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Hello, I have done the predator engine into a 7117, I made an adapter from a 4 inch giant 1/2inch thick washer I bought from Mcmaster

preadtor adapter 2 008.JPG

preadtor adapter 2 002.JPG

On my first try , the driveshaft wobbled more than I liked , so I made a second one it is much better. accuracy was better the second time Someone on another forum bought an adapter from Small engine Warehouse that bolted to the engine and right to the driveshaft . When parts are rotating at 3000 rpms thereare a lot of forces at play ! Be safeYuo can search for my build thread Thanks Ken in Mi



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The weekend proved productive. The chassis adapter plate was cut and fit. It's 1" of plywood shaped to the footprint of the original Briggs 10hp to get the chassis holes to align. The new engine would only align to allow 3 mounting bolts. When I pulled the 10hp from the tractor it was only held with three bolts so I'm comfortable cutting this corner on the adapter plate. We'll see how it holds up over time.





Next I refined the driveshaft adapter. This too is made from the same 1" plywood. The original cast iron parts bolt right on along with the fiberglass flex plate. I have some doubt about the longevity of this and if things start getting "strange" I'll shut it down and get a metal one custom fabricated.







Next up was tackling the throttle and clutch cabling. I had to pull the dash from the tractor to access the back side of the existing cable controls. The original cables are solid and used to push and pull. The new cables are bicycle cable shifter cables and housing used to only pull. Springs on the engine controls pull them back, instead of needing a 'push' action from the controls.First I had to swap sides on the engine controls.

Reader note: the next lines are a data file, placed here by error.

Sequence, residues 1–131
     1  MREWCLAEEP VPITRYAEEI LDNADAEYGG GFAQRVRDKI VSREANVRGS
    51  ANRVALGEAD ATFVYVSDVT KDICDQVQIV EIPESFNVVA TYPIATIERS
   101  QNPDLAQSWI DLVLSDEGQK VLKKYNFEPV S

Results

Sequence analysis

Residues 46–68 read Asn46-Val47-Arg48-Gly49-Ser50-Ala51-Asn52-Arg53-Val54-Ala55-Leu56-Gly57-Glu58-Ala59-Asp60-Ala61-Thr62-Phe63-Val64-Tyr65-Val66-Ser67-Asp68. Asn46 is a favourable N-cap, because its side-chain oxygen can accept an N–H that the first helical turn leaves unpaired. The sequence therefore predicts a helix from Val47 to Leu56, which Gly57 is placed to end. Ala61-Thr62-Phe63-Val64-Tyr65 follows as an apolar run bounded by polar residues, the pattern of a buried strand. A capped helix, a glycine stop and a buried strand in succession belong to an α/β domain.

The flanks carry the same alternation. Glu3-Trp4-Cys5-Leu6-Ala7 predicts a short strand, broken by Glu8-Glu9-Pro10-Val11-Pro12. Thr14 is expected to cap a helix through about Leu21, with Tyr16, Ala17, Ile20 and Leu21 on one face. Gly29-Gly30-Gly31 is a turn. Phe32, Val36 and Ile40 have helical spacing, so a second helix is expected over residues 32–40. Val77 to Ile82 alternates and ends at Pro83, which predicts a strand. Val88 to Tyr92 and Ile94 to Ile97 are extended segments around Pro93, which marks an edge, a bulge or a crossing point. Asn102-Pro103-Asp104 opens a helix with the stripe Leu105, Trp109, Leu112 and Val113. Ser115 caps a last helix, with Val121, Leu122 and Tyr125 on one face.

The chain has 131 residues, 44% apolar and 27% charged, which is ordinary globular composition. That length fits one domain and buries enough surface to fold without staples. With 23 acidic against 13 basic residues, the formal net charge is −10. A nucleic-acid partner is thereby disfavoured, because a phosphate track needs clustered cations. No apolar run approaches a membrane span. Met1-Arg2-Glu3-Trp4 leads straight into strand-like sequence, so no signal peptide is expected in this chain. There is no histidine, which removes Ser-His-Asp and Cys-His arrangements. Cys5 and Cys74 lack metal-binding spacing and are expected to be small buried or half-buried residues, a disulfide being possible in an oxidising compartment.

Thankfully the engine designers anticipated this and made the switch reasonably easy. I had to source nuts and bolts for the new placement of the cable clamps.


Out came the dash.


The original cables.


The new bicycle SRAM (a bicycle part brand) shifter cables and housings. I was able to reuse some parts from the Predator throttle controls.

















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Thankfully wiring was fairly simple, after an hour of planning. Mostly the power flows like this: battery - ammeter - ignition switch - starter switch - starter motorThe new wiring really tidied up the rear of the dashboard.



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And now to the custom exhaust. Turns out 1" electrical conduit and related couplings fit really well for this part. It took a few false starts using plumbing parts before I hit upon this one.I started by cutting the flanges from the muffler giving me an inch of straight pipe.


After cutting it became apparent the exhaust pipe was not fully round. Perhaps to better fit the bolts through the flange?



Even with the gap the fittings work really well.


After some alignment testing I marked and cut the front grill.



And here's a test fit of the muffler and the custom fittings. My plan is to allow the muffler to be removed without hassle so the grill can be removed.



Next up is some welding for the muffler pipes, rerouting the fuel line, finishing the wiring, installing the dash ... yada yada yada









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Today was the last day. All the little details were worked out - wiring, control cables, muffle adapter pipes, etc. Here are some photos to help demonstrate the trickier parts of the project.The plastic screen around the driveshaft adapter was trimmed.


Figuring out the grill and muffler was the hardest part. There were several holes cut through the original grill to allow the exhaust pipes and mounting bolts to pass through.Here is one hole for the exhaust pipe and the additional screw added to support the metal mesh.


Here are the two holes needed for once side of the engine - one for exhaust and one for mounting bolt.


The full grill with pipes and bolts coming through.


A view from the top showing where the bolts mount to the engine block before passing through the grill.


The bolts holding the muffler.


Additionally I added screws to the bottom of the muffler to pipe connection to help hold everything together. Likely these screws will fall out with time but figured I'd try it anyway.









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Looks amazing. Nice work! How does it perform with all the extra power? I put a k341 Kohler single cylinder 16 horse into one of my B110's and it'll pull wheelies if you're not careful with the clutch. But otherwise works amazingly.